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Posted 13 September 2018
by Martin Laver

What is a Disputed Will?

Glass on a desk

Simply put, a disputed will is any dispute around the will of someone who has died.

Sometimes there are problems with the will itself and sometimes people are unhappy with the contents of the will.

When someone dies having made a will, the executors (appointed by the will) will deal with the administration of the estate. This entails calling in all debts owed to the deceased such as bank accounts, shares and property, paying all debts owed by the deceased (for example funeral costs and mortgages) and then distributing what is left to the people or charities as requested in the will by the deceased.

There are limited grounds for disputing a will and the person who challenges the will generally has to prove one of 5 things.

What are the grounds for disputing a will?

A will can be disputed for the following reasons:

  • The will does not comply with the Wills Act 1837
  • The deceased was coerced into making the will (called undue influence)
  • The deceased did not have capacity to make a will
  • The deceased did not have knowledge and approval of the will.
  • The will is a forgery or fraud.

For more information on the grounds for disputing a will click here. 

In addition to these claims, someone may feel they should receive more from a person’s will and they could look at an Inheritance Act claim under the Inheritance (Provision for Family And Dependants) Act 1975. Sometimes this Act is abbreviated to IPFADA.

An Inheritance Act claims is only available to specific people in specific circumstances.

For more information on Inheritance Act claims, click here.

The Process

If you have concerns about the validity of a will, you should seek legal advice as soon as possible. It may be necessary to place a caveat on the estate if there are concerns that the estate will be distributed before the claim is resolved. A caveat prevents a will being put to probate and the executors dealing with the estate.

Once it is determined that there are or may be grounds to contest a will, the Executors and beneficiaries will need to be put on notice of the potential claim by way of a Letter Before Action. The purpose of this letter is to set out the basis of the claim. This must be done prior to issuing court proceedings as part of the Practice Direction on Pre-Action Conduct, which legal professionals are required to follow. The Executors and/or beneficiaries will have a limited time to respond to the claim before you can issue proceedings.

If the limitation period is fast approaching, it is possible to issue proceedings (known as protective proceedings) but the claim does not have to be served for four months. This allows time to prepare a full Letter Before Action and to obtain further information in support of the claim, or for the parties to try to seek resolution to the claim.

Larke v Nugus

A Larke v Nugus request is essentially requesting a statement from the solicitor or will writer who originally prepared the will or witnessed its execution together with the full will preparation file. A request for a Larke v Nugus statement may seek some or all of the following:

  • How long the solicitor or will writer knew the deceased;
  • The date the solicitor or will writer received instructions regarding the will from the deceased;
  • Copies of notes of all meetings, telephone calls and confirmation of when and where the meetings took place and who was in attendance;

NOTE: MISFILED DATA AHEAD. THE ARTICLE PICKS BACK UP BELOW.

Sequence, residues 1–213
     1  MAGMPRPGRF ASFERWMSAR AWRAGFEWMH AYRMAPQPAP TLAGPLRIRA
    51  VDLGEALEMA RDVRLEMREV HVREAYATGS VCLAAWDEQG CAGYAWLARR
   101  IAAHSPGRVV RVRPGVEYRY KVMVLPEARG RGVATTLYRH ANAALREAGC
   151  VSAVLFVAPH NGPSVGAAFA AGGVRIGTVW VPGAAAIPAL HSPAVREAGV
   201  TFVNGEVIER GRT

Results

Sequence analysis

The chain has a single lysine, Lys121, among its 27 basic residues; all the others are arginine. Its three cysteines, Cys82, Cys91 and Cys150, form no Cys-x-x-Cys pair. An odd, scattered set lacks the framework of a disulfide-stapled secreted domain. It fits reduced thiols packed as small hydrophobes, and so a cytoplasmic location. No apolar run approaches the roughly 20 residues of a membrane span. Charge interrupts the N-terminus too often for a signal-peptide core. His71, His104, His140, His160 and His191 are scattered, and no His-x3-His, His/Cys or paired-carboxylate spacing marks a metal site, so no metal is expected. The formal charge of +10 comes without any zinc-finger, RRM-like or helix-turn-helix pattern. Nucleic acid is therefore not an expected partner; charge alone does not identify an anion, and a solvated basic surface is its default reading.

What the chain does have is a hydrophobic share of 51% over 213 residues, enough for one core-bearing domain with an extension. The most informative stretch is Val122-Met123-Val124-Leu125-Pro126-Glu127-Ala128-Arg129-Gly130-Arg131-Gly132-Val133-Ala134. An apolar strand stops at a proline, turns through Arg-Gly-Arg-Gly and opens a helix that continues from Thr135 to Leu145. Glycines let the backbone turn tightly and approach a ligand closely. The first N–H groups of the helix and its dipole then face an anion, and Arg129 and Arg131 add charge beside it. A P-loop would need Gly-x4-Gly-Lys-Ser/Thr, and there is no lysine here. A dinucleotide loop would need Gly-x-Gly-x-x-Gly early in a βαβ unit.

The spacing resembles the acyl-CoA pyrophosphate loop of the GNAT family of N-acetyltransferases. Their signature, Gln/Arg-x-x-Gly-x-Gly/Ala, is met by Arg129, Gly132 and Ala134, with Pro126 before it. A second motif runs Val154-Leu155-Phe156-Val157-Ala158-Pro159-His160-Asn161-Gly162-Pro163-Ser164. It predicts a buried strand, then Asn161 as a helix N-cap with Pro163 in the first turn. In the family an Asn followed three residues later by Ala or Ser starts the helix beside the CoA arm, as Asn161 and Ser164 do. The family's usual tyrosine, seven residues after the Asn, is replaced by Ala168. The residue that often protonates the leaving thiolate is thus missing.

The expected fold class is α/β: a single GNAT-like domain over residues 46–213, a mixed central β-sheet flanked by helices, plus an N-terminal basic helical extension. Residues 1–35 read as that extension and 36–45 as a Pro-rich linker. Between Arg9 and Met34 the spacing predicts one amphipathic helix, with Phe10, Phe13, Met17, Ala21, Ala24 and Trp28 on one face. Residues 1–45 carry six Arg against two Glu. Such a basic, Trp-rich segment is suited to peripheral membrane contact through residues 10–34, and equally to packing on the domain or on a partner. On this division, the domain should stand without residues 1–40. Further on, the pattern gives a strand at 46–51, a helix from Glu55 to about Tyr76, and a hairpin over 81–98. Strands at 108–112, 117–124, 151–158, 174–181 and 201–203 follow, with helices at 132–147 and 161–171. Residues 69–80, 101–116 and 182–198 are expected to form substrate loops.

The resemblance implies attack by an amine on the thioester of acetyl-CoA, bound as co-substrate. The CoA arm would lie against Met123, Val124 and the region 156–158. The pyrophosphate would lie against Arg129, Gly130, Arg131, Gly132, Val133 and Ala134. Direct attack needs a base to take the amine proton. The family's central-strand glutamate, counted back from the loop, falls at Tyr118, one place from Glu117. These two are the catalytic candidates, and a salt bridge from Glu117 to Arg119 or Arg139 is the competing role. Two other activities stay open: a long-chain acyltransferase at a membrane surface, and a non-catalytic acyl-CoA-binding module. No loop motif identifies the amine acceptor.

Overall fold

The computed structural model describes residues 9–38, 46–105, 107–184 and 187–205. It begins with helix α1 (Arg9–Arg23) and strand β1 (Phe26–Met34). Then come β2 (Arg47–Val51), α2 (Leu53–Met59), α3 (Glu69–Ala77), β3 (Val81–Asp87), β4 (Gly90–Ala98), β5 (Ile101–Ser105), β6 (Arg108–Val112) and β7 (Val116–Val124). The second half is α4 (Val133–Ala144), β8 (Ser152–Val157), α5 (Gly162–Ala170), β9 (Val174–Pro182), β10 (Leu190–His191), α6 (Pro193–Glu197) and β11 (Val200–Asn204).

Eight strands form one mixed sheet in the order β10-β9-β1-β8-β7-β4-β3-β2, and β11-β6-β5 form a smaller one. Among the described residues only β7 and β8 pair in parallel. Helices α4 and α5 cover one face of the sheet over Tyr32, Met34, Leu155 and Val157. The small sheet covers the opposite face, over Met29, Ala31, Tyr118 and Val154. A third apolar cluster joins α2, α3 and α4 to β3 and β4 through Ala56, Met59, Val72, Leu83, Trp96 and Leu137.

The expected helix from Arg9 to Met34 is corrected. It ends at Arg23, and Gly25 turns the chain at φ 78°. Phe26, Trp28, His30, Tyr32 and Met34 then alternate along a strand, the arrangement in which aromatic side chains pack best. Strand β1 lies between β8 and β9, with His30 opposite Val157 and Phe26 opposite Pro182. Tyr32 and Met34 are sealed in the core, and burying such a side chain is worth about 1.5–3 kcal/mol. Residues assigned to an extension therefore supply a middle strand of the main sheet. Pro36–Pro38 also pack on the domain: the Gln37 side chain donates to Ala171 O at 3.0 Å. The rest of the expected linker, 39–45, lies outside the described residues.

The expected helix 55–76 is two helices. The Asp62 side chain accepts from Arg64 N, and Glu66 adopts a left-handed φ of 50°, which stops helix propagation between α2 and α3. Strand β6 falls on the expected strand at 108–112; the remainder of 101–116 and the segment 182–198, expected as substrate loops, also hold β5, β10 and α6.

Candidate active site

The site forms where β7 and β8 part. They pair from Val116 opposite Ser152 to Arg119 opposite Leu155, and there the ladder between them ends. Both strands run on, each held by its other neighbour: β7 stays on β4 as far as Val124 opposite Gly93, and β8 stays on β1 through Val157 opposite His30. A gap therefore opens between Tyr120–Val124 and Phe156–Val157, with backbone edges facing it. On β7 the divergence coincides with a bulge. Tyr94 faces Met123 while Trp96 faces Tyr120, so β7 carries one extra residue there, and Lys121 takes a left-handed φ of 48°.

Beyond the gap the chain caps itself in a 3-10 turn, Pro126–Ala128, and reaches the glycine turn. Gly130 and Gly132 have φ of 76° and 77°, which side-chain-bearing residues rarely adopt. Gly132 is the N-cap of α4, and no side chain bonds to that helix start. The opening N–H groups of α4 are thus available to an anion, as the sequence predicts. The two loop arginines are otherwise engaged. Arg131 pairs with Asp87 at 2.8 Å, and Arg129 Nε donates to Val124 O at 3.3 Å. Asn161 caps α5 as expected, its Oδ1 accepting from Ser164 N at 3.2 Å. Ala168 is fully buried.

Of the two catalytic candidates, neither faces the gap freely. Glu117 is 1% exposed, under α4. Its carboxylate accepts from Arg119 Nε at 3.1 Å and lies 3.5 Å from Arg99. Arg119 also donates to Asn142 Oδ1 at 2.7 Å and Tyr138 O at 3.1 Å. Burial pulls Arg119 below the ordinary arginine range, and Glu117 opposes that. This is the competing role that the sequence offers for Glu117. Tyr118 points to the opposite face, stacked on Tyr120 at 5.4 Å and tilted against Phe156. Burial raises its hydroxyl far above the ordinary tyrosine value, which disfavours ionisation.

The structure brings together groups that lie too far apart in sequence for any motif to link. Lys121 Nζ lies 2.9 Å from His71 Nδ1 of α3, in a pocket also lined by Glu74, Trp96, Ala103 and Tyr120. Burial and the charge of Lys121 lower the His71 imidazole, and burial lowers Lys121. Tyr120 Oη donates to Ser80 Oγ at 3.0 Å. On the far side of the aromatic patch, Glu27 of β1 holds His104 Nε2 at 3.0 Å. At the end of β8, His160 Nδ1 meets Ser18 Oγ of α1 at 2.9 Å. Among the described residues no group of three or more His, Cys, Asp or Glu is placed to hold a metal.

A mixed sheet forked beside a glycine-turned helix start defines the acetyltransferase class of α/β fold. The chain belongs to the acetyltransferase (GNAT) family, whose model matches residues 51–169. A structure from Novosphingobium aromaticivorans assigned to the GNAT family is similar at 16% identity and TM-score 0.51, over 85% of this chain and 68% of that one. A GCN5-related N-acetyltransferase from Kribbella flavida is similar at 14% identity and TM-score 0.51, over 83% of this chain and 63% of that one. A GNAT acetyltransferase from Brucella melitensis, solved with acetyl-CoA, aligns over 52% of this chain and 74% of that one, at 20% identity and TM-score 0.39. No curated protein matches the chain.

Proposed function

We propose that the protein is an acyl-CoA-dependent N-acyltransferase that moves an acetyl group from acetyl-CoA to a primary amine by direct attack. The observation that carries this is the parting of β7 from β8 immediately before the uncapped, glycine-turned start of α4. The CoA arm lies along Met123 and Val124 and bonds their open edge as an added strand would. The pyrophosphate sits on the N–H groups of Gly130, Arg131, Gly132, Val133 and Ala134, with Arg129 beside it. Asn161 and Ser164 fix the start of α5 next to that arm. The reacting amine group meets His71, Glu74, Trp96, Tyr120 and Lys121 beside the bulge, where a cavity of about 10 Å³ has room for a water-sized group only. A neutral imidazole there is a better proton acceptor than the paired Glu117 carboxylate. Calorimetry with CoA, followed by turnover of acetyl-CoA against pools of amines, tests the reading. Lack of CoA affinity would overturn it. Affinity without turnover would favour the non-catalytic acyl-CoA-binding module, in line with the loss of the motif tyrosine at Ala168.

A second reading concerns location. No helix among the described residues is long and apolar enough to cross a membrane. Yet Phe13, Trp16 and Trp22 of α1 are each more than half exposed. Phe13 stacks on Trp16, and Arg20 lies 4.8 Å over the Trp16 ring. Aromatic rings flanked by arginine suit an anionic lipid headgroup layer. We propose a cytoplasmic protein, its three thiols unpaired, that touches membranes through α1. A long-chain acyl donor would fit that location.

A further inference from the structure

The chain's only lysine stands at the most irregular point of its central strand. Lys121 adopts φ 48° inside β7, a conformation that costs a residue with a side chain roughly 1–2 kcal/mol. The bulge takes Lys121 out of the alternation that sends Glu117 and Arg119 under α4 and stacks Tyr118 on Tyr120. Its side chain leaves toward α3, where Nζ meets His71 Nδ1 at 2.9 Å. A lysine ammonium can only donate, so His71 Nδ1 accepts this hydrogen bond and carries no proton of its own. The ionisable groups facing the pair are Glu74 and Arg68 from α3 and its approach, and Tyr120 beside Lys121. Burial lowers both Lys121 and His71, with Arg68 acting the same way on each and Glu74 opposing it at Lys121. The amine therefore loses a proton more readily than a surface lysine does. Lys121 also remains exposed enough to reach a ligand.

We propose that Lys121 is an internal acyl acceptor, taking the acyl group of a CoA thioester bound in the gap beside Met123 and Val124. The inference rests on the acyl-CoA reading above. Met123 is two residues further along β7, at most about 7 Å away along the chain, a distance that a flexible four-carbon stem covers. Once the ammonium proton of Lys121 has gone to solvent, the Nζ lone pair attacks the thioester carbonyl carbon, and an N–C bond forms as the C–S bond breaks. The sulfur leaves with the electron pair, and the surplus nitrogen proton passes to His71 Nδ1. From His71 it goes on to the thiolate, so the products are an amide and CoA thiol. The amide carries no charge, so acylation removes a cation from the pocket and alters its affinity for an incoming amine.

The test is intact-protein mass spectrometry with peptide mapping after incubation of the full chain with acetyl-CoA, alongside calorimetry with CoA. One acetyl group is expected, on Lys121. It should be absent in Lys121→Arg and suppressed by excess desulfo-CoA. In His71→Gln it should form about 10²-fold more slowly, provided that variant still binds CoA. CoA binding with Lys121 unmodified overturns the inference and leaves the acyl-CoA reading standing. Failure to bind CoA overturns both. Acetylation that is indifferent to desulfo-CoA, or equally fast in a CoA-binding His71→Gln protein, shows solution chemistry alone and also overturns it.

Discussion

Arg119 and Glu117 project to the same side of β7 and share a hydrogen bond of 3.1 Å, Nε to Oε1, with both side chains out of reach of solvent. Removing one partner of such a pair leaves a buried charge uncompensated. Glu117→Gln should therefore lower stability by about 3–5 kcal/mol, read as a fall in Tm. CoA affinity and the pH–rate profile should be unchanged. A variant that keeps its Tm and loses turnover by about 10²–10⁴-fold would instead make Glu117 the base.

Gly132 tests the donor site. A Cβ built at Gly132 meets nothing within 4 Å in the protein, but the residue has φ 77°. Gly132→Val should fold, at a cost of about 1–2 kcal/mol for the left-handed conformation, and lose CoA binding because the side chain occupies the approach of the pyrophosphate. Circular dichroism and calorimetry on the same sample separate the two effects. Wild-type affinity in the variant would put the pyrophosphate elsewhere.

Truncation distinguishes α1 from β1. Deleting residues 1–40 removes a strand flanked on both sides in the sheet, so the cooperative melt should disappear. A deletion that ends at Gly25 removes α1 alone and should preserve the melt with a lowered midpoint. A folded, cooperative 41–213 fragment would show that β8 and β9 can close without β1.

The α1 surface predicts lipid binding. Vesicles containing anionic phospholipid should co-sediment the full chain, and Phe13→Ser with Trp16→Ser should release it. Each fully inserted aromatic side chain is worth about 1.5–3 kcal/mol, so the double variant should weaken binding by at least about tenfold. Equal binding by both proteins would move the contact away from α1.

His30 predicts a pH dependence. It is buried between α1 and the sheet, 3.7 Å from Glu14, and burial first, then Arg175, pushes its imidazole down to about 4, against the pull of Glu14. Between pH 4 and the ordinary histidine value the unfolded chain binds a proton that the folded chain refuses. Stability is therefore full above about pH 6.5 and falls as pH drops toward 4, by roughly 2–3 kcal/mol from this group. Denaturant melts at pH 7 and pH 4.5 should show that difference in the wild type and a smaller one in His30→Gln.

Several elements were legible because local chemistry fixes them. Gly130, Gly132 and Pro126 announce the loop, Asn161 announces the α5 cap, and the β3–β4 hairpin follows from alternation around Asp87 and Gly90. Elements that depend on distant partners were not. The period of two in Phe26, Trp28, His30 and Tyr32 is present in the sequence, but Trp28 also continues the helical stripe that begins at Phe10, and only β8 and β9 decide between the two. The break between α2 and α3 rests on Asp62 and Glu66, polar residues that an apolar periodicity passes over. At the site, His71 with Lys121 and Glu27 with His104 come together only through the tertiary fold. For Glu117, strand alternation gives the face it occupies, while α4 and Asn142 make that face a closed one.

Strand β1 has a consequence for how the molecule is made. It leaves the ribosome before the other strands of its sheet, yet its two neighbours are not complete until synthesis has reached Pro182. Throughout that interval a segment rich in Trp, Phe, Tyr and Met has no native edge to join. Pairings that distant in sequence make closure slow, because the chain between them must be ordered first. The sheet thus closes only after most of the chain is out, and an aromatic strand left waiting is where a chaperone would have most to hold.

• How the instructions were provided;
  • Whether the deceased exhibited any signs of ill health, memory problems or lack of understanding or confusion;
  • Whether previous wills were discussed and whether departures from previous wills were discussed and the reasons for such a departure from earlier wills;
  • Who (apart from witnesses) was present when the deceased signed the will together with when, how and where this took place.

Mediation

Mediation can take place in many ways and while many wish to have their ‘day in court’, in reality, more claims are resolved through mediation than trial. More importantly, the Court encourages the parties to these types of claims to participate in mediation (preferably prior to issuing proceedings) and to make a genuine attempt to resolve the dispute.

Mediation can take place with Barristers, Solicitors or professional mediators. The mediations are often held at a neutral venue and the costs are usually shared equally by the parties. You should expect to participate in at least one mediation during the course of your claim. Failure to The Court can impose sanctions (by way of adverse costs orders) on parties who refuse to participate in mediation.

The Court process

If the matter cannot be resolved then it may be necessary to make a claim to the Court. This will involve preparing one or more witness statements and documents in support of your claim. Once the claim is submitted to the Court, service can be delayed for up to four months which can be beneficial if you are still in the early investigation and/or negotiation process.

The Court process can be a lengthy one and the time to conclude these types of claims is often between 1-2 years. Aside from the trial date itself, there will usually be an initial Case Management Conference (which will set deadlines for exchanging documents and witness statements and other procedural issues) and other hearings if additional disputed issues arise during the course of the matter.

If you require any advice regarding any matter similar to this, then please do not hesitate to get in touch with our experienced team of wills and probate solicitors on 01392 207020.

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About the author

Martin Laver

Partner and Solicitor

Partner in the commercial litigation team specialising in disputed trusts and Wills